At least 600 3rd Cavalry Regiment “Brave Rifles” troopers returned to Fort Hood after completing their cadet summer training support mission at Fort Knox, Kentucky.

A welcome home ceremony was held for 300 troopers who returned to Fort Hood on Aug. 25, and an additional homecoming ceremony was conducted on Sunday to welcome the remaining 300 troopers home.

Cadet summer training is the largest annual training event in the U.S. Army and establishes the foundation for future officers in the U.S. Army.

Lt. Col. Barrett Thomas, the 1st Squadron commander, thanked the family members in attendance of the homecoming ceremony to welcome the troopers home.

“The troopers worked mighty hard over the past four months,” Thomas said. “We trained over 8,000 cadets in the largest training event of the United States Army, and they did it with discipline, and they did a fantastic job.”

Thomas said the troopers made a lasting impression on more than 8,000 officers for years to come.

“Their fingerprints are on each and every one of them,” Thomas said. “They showed these lieutenants what rights looks like, what it means to be a disciplined ‘Rifles’ soldier.”

Thomas told the gathered family members to be proud of their troopers for doing a fantastic job.

“It was an honor and a privilege to lead this task force for the past four months, and I thank you from the bottom of my heart for your hard effort and dedication.”

Command Sgt. Maj. Pedro Chavez, the senior noncommissioned officer for 1st Squadron, 3rd Cavalry Regiment, said the training support mission was about preparing cadets for future service in the U.S. Army.

“We trained them on basic rifle marksmanship, patrolling, confidence course and foot marches,” Chavez said.

Chavez said cadet command does not have enough personnel to cycle through the number of cadets that participate in cadet summer training, so 3rd Cavalry Regiment troopers were requested to support the training mission.

“We have the soldiers that have the knowledge and experience needed to train the cadets at the level we’re at,” Chavez said. “And it’s good for us to go there as a unit because it builds cohesion within itself; we get to live with our soldiers for months in the barracks with them.”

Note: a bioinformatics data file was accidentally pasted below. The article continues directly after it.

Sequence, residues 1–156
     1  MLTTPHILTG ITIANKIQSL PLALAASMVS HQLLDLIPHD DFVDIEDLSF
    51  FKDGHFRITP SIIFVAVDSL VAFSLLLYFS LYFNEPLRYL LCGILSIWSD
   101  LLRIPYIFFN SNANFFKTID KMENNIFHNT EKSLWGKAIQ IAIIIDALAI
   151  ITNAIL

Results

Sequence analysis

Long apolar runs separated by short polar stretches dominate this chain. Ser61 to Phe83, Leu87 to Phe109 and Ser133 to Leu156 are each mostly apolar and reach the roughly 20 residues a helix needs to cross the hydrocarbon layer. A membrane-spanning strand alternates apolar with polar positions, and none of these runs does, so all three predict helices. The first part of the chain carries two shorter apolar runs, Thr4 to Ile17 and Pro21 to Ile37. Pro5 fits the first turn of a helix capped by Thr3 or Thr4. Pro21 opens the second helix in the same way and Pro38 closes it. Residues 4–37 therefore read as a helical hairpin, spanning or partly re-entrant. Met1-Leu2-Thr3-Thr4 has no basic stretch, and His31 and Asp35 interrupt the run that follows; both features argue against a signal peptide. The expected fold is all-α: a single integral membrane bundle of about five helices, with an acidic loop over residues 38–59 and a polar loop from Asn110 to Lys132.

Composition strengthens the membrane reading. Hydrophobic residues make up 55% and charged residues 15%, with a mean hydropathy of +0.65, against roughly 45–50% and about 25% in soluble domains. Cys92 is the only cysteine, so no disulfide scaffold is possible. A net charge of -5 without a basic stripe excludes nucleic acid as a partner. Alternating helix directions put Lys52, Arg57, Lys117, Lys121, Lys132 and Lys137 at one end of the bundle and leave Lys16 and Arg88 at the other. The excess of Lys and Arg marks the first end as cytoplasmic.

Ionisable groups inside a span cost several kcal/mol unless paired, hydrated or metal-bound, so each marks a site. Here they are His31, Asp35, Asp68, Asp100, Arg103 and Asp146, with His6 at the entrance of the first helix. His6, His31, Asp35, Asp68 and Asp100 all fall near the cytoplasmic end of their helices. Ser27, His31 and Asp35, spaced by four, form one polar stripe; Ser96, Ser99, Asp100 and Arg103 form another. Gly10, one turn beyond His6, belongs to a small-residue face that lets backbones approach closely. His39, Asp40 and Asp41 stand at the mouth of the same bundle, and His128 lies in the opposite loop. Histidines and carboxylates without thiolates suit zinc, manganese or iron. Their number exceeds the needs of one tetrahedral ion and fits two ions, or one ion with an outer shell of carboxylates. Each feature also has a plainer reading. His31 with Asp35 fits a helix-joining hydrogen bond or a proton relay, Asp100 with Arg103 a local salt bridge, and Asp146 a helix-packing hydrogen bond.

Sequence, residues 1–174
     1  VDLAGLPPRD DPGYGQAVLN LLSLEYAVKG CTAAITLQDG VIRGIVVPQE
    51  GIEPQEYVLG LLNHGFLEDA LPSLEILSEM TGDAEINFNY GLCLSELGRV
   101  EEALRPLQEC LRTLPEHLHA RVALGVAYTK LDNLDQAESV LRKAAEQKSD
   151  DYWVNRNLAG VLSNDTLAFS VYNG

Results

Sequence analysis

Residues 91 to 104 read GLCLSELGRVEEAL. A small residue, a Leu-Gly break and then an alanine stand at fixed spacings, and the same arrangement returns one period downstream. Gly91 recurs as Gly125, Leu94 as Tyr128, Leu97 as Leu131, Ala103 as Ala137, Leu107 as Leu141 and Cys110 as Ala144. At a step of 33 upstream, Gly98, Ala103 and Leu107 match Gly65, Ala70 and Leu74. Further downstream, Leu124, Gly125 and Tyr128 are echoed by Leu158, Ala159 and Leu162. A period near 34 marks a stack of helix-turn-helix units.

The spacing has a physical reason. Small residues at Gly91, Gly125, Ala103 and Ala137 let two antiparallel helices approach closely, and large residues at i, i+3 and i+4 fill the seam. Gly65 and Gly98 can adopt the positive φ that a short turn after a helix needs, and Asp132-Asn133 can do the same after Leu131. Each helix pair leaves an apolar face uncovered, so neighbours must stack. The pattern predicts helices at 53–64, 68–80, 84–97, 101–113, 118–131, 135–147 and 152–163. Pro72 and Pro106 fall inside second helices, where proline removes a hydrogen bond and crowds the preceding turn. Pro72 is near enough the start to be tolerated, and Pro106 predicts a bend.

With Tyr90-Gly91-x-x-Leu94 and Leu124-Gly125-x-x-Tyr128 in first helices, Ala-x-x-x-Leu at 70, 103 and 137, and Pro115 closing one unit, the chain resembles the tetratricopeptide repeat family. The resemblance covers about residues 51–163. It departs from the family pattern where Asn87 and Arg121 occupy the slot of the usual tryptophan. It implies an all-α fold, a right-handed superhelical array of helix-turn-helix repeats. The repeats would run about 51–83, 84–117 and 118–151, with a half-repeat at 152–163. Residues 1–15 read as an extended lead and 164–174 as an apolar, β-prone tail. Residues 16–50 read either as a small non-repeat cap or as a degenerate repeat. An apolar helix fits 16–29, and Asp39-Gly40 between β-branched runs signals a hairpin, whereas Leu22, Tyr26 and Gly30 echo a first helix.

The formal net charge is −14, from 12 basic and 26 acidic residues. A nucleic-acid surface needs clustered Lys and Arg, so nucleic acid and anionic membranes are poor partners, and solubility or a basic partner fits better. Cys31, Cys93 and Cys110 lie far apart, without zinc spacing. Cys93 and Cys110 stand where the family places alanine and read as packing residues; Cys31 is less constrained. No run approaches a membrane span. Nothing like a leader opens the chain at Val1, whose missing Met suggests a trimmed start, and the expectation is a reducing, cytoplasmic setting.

Chavez explained that living among the troopers allows leadership and the troopers to see who each other really are, like a deployment.

“So, not only do we see them during the duty day, but we also see them in the evenings,” Chavez said. “It brings us a lot closer together, pretty much like a deployment, but without the dangers of being under hostile fire.”

Chaves said the troopers performed outstandingly and received high praise from U.S. Army leaders who visited during the training.

“All the leaders throughout the Army came and visited us,” Chavez said, “The (Training and Doctrine Command) command sergeant major to the (Forces Command) commander gave us good compliments and said we were doing the right thing by always enforcing the standards and presenting ourselves professionally in front of the cadets.”

Pvt. Trevor Knisley, an infantryman with ‘Brave Rifles,’ said he spent the summer helping cadets train to become lieutenants.

“What I did specifically was feed them chow, give them linen and give them MRE’s,” Knisley said.

Knisley said he also learned something from the experience.

“I learned what they actually do because I thought they just go to school and they become lieutenants after that,” Knisley said. “But they also, like anybody here, do ruck marches, and while not as much physical work as I did in basic, they do a lot.”

Knisley said despite COVID restrictions, he was still able to get to know some of the cadets and better understand what cadets do to become officers, and even answered cadet’s questions about what infantrymen do.

“They’re just like us; they’re from all around the United States,” Knisley said. “All of us from (3rd Cavalry Regiment) are 11 bravos (infantrymen).”

Pvt. Jared McCarthy is also an infantryman with the 3rd Cavalry Regiment and participated in the summer training support mission.

“The first thing we did was we started to serve them breakfast and dinner,” McCarthy said. “We supported the cadets on their ruck marches, like with immersion tanks so they could heat dump properly.”

Immersion tanks assist soldiers in cooling off quickly by immersing their arms in tanks of ice water.

McCarthy said some of the cadets were impressive.

“There were some stallions in there that were high speed,” McCarthy said. “They had so many patches and stuff, and were in the leadership roles, which was nice to see.”

The troopers said they were looking forward to an upcoming four-day weekend to reconnect with family and friends and prepare for the next training cycle at the National Training Center at Fort Irwin, California.

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